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Hispanic Link News Service
The Barrio Door Is Open, But Will The GOP Walk In?
by Tim Chavez
January 14, 2001
Days before the general election, U.S. Sen. Fred Thompson (R-Tenn.) gave the cheering GOP crowd what it wanted.
Just back on Tennessee soil from Washington, Thompson told the throng that President Clinton and the Democrats were trying to pass legislation that would let all those ``illegal aliens'' stay in the country. He promised that he and the GOP were not going to let this happen.
The crowd cheered lustily.
Immigration, legal or otherwise, gets the juices of the Republican faithful going. And the fear-heightening face of immigration is that of people who look like me, my parents and my grandparents.
But the great irony from the election is that the same face now holds the best, new hope for the GOP in the wake of its race relations disaster with African Americans over Florida voting irregularities. Nine of every 10 African Americans voted for Democrat Al Gore. And almost seven of 10 blacks surveyed later said they felt cheated by George W. Bush's victory.
Yet more than a third of Hispanic Americans voted for Bush. Exit polls cited by The New York Times, The Washington Post and ABC News put Bush's share of Hispanic voters somewhere between 33 percent and 38 percent. Four years ago, Bob Dole took 21 percent of that vote.
Bush's share might have been even larger if not for GOP opposition in Congress to the Democrat-crafted Latino and Immigrant Fairness Act. (A compromise bill, passed by Congress and signed by President Clinton on Dec. 15, has helped clear the path for some 400,000 refugees and others of uncertain status -- less than half the number proposed in LIFA -- to become legal residents.)
But here's the most important statistic:
The Hispanic share of the national electorate, as reported by the National Council of La Raza, rose from 5 percent in 1998 to 7 percent in 2000. That share should reach 10 percent in 2004. And by then, U.S. Hispanics, who now number 36 million, will probably have surpassed African Americans as the nation's largest non-white racial or ethnic group.
The 2000 election showed that Hispanics still are more likely to choose candidates based on their positions on issues rather than party affiliation, La Raza said.
But in choosing his core Cabinet, Bush started off in the wrong direction. The high-profile negative views on affirmative action, immigration, bilingual education and civil rights expressed by the lone Mexican American he nominated -- Linda Chávez as Secretary of Labor -- caused La Raza president Raúl Yzaguirre to comment instantly, ``On virtually every policy issue of the day, her views are out of step with those of the vast majority of Hispanic Americans.'' Chávez once headed U.S. English, the nation's premier English-only advocacy organization.
The disclosure that Chávez had allowed an undocumented immigrant to live and work in her home early in the '90s forced her to withdraw herself from consideration as Secretary of Labor. It created an embarrassment for Bush and the GOP not only among Hispanics, but with the general population as well.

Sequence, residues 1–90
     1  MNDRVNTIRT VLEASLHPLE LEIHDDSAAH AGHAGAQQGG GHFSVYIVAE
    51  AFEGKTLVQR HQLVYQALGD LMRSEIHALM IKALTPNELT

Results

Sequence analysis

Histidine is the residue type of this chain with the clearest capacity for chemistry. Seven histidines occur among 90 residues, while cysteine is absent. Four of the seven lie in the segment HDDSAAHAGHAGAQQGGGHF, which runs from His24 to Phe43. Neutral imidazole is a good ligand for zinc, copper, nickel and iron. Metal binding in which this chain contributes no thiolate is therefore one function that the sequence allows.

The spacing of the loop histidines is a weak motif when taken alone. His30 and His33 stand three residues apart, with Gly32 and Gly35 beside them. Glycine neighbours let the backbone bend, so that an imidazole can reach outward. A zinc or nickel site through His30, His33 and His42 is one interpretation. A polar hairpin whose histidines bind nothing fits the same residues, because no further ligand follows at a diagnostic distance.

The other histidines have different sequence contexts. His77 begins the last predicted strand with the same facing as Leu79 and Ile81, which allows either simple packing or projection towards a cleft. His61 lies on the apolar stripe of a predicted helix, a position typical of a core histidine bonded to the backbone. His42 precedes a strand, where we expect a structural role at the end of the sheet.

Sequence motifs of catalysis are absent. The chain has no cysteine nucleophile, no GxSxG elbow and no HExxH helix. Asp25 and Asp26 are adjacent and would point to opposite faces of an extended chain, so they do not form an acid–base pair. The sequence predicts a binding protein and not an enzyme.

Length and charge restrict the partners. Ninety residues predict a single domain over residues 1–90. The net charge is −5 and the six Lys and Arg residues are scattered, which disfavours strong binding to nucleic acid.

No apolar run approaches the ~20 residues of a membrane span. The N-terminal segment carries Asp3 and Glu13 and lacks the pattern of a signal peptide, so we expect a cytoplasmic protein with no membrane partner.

But the fact remains that the issue that can give Bush extra clout in the barrio is education. Hispanic families revolve around the value of securing a better life for their children. The most ready way to achieve it is through an appropriate and fair education. But such an education is not available to immigrant children here in Nashville, where I work, or in nearly all other large U.S. cities.
Democrats have bent over backward for the African-American agenda. But they have been most unwilling to budge for us. They see African-American anger over Florida as their way to win back Congress in 2002.
Yet our Hispanic children suffer the highest high-school dropout rate for any race or ethnicity. They do the worst in math and science testing, so they're eliminated from futures in higher-paying jobs. Because of little education and, for many, a lack of English proficiency, our families earn the least. Parents are more reticent to bring their concerns to educators. So our children are more easily neglected.
Ultimately, unaddressed wrongs become unbearable. Hispanics in California recently sued the state for the abysmal conditions of their children's schools. Here in Nashville, attorney Mario Ramos says his task force on the English-language education of immigrant children is weighing whether to sue the metro school district for gross inequities. This injustice is ongoing in a city where Gore's campaign headquarters was located and the mayor was a member of the Democratic Party's national platform committee.
During the debates, Gore boasted that Hispanic employment is at an all-time high. Yet our hopes -- through education -- remain dismally low.
More of Bush's sensitivity to such issues and less of Thompson's rhetoric will grab an even greater share of the Hispanic electorate for the GOP the next time at the polls. And Democrats will be left grasping for more to run on than African-American anger.
(Tim Chávez is a columnist with The Tennessean in Nashville, Tenn.)